My thoughts about “Treasured Lands” by Q.T. Luong


When I learned that Q.T. Luong was publishing a landscape photography book of his work in America’s National Parks, I was filled with envy. Ever since I can remember my life has been dedicated to visiting and photographing National Park Service sites, and this man’s work has always been then looming large over my journeys. He’s the first man to visit and photograph all 59 National Parks in large format film. He is featured in Ken Burns’ 2009 park documentary, and even had his photo of Yosemite featured on the cover of the associated book and DVD. His website is my gold-standard for landscape photography, and although he isn’t aware of it I’m happy now to declare that we’ve been in a silent competition for some time (at least in my head). In fact, my Undiscovered America project was in part a reaction to his extensive work. I asked myself what I could do to distance myself from his overwhelming shadow… so I set off to photograph potential National Parks because he hadn’t photographed them yet.

In October 2016 Luong’s book “Treasured Lands: A Photographic Odyssey Through America’s National Parks” released and became a one-stop-shop for planning your adventures into our public lands. In it’s 454 pages it details, with photography examples, the defining features of each park and the best methods of visiting the locations. Text excerpts provide personal stories, maps, stats, and photographic advice for maximizing your time in the parks. Each entry carries images for a variety of seasons, times of day, and hiking abilities so you can tailor your visits. Many landscape photography books have been published since the invention of the camera, and possibly even more travel guides have been produced, but no other book seems to have grasped the experience of actually visiting our natural wonders by combining these aspects. The book is the ideal companion for the park-minded traveler, however the author would be the first to point that while his book is a significant recourse few people would be willing to carry it around on trips due to it’s size and weight. An optimized digital version is also available, although owners of the print book will find a link on page 13 to buy the discounted digital companion, enabling you to bring the work and recommendations with you on your travels.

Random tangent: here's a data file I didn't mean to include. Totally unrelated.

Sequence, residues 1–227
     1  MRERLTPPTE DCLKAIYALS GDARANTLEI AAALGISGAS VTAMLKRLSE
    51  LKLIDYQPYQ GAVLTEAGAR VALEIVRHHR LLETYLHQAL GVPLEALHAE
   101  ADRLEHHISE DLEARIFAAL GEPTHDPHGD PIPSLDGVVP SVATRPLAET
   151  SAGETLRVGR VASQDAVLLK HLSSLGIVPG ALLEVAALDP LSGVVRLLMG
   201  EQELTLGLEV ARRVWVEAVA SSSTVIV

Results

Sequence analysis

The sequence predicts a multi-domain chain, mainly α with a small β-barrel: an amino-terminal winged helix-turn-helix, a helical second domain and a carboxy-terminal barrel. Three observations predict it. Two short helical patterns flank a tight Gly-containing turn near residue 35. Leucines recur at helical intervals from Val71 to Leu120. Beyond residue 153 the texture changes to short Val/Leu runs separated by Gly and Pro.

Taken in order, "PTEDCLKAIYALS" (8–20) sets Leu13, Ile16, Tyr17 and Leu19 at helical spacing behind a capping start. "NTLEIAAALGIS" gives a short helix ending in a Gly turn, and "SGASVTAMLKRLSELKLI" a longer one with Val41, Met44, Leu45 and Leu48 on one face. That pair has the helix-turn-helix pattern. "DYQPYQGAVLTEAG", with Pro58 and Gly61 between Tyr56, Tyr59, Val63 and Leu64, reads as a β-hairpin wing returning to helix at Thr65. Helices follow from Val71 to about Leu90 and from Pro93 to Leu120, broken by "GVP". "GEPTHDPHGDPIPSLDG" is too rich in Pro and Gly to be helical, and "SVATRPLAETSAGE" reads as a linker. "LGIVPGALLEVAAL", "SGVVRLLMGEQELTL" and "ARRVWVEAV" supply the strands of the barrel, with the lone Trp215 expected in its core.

Treasured Lands is a book we’ve desperately been needing, and the one man best qualified to lead us visually into the parks has finally done us the honor of creating it.

-Zack Frank

Ted Cruz and John Kasich want to sell off OUR public lands

via Think Progress

In a controversial new TV ad aiming to sway conservative caucus-goers in Nevada but likely to backfire with mainstream voters, Presidential hopeful Ted Cruz (R-TX) vows to sell-off or give away the state’s national parks, national forests, national monuments, and other public lands.

“If you trust me with your vote,” says Cruz in the ad, “I will fight day and night to return full control of Nevada’s lands to its rightful owners, its citizens.”

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Obama creates 3 new national monuments to protect 1.8 million acres of California desert

By Louis Sahagun via Los Angeles Times

President Obama designated three new national monuments in the California desert Thursday, expanding federal protection to 1.8 million acres of landscapes that have retained their natural beauty despite decades of heavy mining, cattle ranching and off-roading.

The designation was requested by U.S. Sen. Dianne Feinstein, who for a decade has sought to protect land that wasn’t included in the 1994 California Desert Protection Act. That measure covered nearly 7.6 million acres, elevated Death Valley and Joshua Tree to national park status and created the Mojave National Preserve.

Unable to gain momentum on her California Desert Conservation and Recreation Act last year, Feinstein and conservation groups asked Obama to act unilaterally to create the three monuments overlapping biological zones between roughly Palm Springs and the Nevada border.